Get to Know the BOSQUE!
By Ericka Norris
The word bosque in Spanish means “woods.” In New Mexico, it has come to describe the habitats along major rivers. This is not a single ecological habitat but rather a mosaic of interwoven environmental conditions including riparian (wetlands), cottonwood woodlands, oxbow lakes, and sand bars. Historically, native cottonwoods and willows dominate the bosques. With arrival of the railroad, a larger population, and industrialized farming and logging, humans felt the need to introduce complex flood control measures.
The unintended consequences of this have been a significant shift in the plants and animals living along the rivers. Bosques have become dominated by exotic plants that do not require flooding to germinate and thrive. The long term result of this along the middle Rio Grande and other rivers in New Mexico is the fact that the bosque will be loosing its tree canopy in the near future. Most of the currently living cottonwoods are sensing (aging) and the younger trees growing are predominately Siberian Elm, Russian Olive, Tree of Heaven, and Salt Cedar. Most of these plants are not tall canopy trees. State and federal researchers accept that New Mexico’s rivers will be losing their tree canopies despite efforts at habitat restoration. Currently, several animal species are endangered: the silver minnow, the southwestern fly catcher (bird), the yellow billed cuckoo, and the meadow jumping mouse.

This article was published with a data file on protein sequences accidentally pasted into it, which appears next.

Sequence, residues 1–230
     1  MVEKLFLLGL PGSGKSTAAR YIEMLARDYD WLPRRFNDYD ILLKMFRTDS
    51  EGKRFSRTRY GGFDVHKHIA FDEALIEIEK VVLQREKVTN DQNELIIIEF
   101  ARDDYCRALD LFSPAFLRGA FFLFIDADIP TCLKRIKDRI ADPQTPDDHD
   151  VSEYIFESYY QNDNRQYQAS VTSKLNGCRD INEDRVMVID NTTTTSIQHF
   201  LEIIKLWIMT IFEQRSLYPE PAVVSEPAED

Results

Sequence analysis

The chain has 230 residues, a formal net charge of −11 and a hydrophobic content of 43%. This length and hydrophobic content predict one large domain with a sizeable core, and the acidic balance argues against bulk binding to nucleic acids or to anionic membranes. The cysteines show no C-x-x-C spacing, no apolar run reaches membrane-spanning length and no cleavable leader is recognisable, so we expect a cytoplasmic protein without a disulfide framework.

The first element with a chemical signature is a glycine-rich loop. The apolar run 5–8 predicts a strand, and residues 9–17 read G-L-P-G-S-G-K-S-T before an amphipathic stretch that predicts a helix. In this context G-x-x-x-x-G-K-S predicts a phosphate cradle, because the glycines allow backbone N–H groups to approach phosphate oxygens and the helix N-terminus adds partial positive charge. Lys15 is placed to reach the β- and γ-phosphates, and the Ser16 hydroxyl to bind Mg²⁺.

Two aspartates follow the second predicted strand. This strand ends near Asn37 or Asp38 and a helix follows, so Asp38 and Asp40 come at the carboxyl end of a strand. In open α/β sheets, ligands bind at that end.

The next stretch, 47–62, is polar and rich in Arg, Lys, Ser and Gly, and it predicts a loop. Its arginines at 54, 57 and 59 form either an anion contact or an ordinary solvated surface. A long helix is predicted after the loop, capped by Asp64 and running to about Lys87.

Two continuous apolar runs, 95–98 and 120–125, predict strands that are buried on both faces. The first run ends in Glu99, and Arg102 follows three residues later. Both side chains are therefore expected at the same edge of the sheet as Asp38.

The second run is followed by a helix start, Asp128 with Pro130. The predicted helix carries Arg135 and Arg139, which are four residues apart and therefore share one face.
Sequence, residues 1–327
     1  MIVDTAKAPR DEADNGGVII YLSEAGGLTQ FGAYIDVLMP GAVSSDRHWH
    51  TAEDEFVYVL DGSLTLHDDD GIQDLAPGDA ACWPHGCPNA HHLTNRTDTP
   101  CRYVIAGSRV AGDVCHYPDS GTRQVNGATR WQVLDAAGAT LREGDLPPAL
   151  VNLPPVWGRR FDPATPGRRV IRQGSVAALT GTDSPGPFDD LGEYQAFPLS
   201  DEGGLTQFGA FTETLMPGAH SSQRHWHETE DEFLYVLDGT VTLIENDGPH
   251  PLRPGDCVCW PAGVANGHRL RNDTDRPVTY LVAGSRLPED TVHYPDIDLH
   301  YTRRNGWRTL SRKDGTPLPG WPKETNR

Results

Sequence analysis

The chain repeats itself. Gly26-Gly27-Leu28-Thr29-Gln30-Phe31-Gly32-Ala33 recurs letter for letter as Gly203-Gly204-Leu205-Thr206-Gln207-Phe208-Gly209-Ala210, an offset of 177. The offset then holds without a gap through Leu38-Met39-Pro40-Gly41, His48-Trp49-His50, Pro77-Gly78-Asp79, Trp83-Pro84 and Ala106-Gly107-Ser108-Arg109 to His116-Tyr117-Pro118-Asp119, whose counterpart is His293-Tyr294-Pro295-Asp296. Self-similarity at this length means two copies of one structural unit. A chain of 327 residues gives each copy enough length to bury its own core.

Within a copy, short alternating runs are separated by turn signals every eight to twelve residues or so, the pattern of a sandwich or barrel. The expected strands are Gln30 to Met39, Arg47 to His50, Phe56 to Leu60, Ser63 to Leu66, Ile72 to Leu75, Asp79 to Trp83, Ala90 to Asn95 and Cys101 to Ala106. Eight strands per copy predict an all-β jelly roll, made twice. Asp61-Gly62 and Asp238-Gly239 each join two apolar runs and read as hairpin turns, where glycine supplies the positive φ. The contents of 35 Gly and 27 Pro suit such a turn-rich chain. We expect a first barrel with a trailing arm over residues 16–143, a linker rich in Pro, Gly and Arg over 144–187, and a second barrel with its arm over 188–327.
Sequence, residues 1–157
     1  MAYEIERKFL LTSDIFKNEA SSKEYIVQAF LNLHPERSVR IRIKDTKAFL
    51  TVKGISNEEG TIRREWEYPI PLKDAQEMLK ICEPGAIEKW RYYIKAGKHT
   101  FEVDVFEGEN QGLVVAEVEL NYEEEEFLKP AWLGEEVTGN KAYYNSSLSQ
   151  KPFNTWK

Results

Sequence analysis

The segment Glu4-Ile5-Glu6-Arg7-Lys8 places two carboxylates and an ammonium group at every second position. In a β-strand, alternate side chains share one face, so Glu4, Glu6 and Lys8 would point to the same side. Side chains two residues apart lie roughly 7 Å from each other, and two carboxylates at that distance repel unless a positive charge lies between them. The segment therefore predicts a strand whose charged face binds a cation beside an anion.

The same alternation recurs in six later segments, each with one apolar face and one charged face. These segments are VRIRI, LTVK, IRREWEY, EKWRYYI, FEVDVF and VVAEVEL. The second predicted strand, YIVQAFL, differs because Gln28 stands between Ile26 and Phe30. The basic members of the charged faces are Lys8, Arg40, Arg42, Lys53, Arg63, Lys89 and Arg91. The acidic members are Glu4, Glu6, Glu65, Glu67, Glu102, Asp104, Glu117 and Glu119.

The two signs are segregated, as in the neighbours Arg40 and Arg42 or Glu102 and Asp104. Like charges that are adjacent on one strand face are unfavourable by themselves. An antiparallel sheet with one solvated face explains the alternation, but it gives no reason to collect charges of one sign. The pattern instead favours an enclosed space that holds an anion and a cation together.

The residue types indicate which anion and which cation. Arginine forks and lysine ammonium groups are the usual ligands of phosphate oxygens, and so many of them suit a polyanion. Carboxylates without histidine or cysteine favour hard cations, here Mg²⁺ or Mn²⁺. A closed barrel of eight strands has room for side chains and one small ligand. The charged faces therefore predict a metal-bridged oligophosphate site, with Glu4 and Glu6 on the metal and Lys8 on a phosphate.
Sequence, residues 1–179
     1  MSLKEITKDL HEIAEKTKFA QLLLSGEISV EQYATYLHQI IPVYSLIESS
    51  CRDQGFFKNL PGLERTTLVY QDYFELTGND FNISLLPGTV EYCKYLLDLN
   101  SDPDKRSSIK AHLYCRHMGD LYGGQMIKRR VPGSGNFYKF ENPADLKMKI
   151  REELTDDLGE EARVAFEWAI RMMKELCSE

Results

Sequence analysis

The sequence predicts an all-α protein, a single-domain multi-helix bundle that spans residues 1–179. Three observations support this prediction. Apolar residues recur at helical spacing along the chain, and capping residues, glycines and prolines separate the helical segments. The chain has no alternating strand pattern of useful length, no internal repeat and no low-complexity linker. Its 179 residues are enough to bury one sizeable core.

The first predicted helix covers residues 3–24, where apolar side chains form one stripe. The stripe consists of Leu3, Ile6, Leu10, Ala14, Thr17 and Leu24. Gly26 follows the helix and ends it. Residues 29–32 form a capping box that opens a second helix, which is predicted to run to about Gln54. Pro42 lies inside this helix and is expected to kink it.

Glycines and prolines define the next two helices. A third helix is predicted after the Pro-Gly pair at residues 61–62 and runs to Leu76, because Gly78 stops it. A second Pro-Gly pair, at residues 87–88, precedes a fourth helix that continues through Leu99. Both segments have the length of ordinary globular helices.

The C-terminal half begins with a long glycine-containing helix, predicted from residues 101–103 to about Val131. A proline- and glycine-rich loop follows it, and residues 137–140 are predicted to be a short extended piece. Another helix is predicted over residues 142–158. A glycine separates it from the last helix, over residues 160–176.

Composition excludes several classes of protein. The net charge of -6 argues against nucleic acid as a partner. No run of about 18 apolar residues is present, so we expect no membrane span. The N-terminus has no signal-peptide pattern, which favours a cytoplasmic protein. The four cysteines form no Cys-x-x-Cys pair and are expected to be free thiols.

In contemplating works for “Resonations in Clay – Life on the Bosque” Call for Entry, please consider how these coming changes make you feel. Many of us don’t live along one of the bosques of New Mexico but water affects all here in the desert southwest. Look for more information in the near future here on The Slip Trail and eNews. This link is a free well-written overview of the New Mexico Bosque (click on each chapter for expanded information on that chapter):